• “BSL’s commitment to family shines through everything we do.” “At BSL, we have made
company culture one our number one priorities.”
• “Our communities are family owned and operated, and they feel like it.”
• “At the same time, we’re owned by a larger financial structure which is looking to grow.
We’re also a business.”
BSL’s “one thing” is family-ness and we’re looking for a unique, ownable way to
communicate that and to scale it.
• Fragmented and operationally driven.
• Identity crisis: The way in which assisted living communities brand themselves make it
impossible for consumers to tell them apart. They all sound like variations on “Glen
Oaks.” (Which by the way, could just as easily be a gated residential community. Or, for
that matter, a low-income housing project).
• Focused on selling the functional benefits.
• There is no aspirational power brand in this space.
There is a crushing sameness to the way in which assisted living communities show
up. It’s the same story told over and over again. The same stock photography. The
same tonality. “We love our residents.”
• You have different competitors in each market.
• From across the street, they all look alike.
• They don’t do too much to help anyone tell them apart.
We don’t see competition as a huge factor in the naming equation. It doesn’t appear
that anyone owns anything. It seems like everyone is trying to own the same thing –
perfectly happy senior citizens.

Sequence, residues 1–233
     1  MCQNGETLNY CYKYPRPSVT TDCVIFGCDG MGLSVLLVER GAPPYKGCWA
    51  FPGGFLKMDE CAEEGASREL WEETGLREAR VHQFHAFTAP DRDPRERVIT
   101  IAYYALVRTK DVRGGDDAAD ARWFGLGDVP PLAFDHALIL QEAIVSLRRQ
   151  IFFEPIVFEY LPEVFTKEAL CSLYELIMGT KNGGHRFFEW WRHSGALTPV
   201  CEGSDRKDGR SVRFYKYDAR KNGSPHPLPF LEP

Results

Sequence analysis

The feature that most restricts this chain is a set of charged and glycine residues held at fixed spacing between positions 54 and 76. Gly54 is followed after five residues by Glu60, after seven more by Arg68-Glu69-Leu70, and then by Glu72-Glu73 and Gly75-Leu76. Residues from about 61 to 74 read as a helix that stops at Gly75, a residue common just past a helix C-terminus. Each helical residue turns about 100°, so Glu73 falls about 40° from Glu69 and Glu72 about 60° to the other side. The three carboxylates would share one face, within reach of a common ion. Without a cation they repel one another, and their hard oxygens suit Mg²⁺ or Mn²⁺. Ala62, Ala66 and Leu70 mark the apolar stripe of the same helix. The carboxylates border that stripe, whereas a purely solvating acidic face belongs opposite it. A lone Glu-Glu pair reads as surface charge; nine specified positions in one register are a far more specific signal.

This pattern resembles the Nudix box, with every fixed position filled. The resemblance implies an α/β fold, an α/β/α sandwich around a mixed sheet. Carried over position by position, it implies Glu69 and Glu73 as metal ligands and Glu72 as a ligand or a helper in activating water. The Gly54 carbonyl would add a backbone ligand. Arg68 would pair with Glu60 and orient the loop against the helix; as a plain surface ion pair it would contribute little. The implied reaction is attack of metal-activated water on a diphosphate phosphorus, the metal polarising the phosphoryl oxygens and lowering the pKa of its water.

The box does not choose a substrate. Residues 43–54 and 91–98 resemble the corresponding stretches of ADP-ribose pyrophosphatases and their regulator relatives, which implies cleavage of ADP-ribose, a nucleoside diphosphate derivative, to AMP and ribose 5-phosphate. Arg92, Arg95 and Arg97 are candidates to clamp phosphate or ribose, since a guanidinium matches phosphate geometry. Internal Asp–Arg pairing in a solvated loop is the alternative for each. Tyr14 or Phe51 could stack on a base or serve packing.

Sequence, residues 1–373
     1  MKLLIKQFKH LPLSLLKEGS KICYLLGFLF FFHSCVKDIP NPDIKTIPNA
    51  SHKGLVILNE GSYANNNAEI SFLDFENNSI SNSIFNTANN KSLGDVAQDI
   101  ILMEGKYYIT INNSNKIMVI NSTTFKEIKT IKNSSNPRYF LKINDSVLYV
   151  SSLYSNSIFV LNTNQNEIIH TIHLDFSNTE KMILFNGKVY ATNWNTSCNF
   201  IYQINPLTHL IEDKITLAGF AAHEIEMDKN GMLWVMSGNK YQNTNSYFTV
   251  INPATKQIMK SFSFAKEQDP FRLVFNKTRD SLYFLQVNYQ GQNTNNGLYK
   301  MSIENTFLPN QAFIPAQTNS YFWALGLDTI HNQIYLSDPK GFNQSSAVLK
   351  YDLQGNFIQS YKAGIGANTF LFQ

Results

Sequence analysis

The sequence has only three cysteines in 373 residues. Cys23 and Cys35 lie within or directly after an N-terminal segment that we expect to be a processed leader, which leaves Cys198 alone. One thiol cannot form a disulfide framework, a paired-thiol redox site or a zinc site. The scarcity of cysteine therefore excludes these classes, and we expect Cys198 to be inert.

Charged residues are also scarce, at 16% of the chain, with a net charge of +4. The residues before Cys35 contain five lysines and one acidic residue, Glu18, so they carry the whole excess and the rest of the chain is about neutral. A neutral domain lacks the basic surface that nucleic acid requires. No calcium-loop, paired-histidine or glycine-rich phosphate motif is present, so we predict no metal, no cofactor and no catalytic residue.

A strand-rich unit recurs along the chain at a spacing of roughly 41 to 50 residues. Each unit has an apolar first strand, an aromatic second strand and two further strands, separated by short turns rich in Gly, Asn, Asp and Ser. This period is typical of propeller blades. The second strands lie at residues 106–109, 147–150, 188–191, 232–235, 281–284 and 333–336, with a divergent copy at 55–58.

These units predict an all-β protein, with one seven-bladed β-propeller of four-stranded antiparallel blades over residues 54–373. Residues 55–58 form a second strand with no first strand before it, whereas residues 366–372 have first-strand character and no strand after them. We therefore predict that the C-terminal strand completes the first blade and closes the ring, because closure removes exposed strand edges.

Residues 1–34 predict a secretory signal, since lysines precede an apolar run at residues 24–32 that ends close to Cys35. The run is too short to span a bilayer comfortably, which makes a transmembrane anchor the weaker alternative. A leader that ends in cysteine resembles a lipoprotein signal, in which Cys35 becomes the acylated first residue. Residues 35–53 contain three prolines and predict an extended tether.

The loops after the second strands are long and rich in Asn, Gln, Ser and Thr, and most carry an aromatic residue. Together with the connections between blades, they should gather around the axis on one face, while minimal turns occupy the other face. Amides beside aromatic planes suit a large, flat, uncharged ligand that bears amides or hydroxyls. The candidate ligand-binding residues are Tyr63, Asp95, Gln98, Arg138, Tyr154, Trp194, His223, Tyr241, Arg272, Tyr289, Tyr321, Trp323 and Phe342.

• You have two different customer profiles: seniors and their adult children.
• We believe the seniors want more from a senior living community than safety, comfort
and convenience – which are antes…they get you into the game.
• We believe they want to continue learning, growing, changing. Many senior living
brands pay lip service to this idea – self actualization. However, we don’t believe that
any (senior living brands) own it.
• We believe this idea is not only pleasing/resonant with the adult child target, but we
believe they will find it highly aspirational and compelling.
You can win with your audiences by championing the concept of self-actualization.
• In 1943, a psychologist named Abraham Maslow, set
forth a theory that to reach their full human potential,
people need to move through a pattern of growth, at the
top of which is “self actualization” – the process through
which people discover their true “inner purpose.”
• In common parlance (i.e. layman’s terms) self
actualization is used to refer to the process of becoming
the person you were destined to be.
• Self Actualization is generally considered a never- ending
process that is associated with lifelong learning, growth
TIME OUT – WHAT IS
Great brand names are like fruit. The “plant” is an idea, or
brandcept from which the name is born.
We have an idea for your business.
Let’s create living environments where seniors can do more
than be safe/healthy and comfortable. (That’s what everyone
does and says).
Let’s think a little bigger. And a little more holistically.
Let’s create living environments where residents are given the
tools, the resources and encouragement to do something that
isn’t talked about much in this category:
To flourish as human beings. Or, simply put, to bloom.
To bloom is to become your best self. To achieve your full potential for
happiness, peace. To do the things you’ve always wanted to do. To feel
the way you’ve always wanted to feel. It could even mean to actually
This is not about comfort or quality – that’s the ante.
This is about self-actualization – the highest rung on Maslow’s
hierarchy of needs.
This is not a radical shift from what you do now. But it is a higher aim.
It’s aspirational. And we see nothing like it in the category.
It also just so happens to be the first five letters of your company’s
Bloom. Discover your best self.